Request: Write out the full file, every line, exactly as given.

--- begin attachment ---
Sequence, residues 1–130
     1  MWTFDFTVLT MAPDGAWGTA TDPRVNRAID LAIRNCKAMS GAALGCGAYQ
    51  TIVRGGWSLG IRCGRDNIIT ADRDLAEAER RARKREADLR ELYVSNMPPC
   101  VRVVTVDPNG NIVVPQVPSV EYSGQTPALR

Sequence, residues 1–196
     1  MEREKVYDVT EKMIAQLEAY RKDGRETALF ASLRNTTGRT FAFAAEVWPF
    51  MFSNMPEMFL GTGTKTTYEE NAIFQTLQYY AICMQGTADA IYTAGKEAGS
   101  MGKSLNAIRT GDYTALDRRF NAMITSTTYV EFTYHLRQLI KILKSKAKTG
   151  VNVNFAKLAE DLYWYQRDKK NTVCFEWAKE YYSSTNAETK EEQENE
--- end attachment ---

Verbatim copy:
Sequence, residues 1–130
     1  MWTFDFTVLT MAPDGAWGTA TDPRVNRAID LAIRNCKAMS GAALGCGAYQ
    51  TIVRGGWSLG IRCGRDNIIT ADRDLAEAER RARKREADLR ELYVSNMPPC
   101  VRVVTVDPNG NIVVPQVPSV EYSGQTPALR

Sequence, residues 1–196
     1  MEREKVYDVT EKMIAQLEAY RKDGRETALF ASLRNTTGRT FAFAAEVWPF
    51  MFSNMPEMFL GTGTKTTYEE NAIFQTLQYY AICMQGTADA IYTAGKEAGS
   101  MGKSLNAIRT GDYTALDRRF NAMITSTTYV EFTYHLRQLI KILKSKAKTG
   151  VNVNFAKLAE DLYWYQRDKK NTVCFEWAKE YYSSTNAETK EEQENE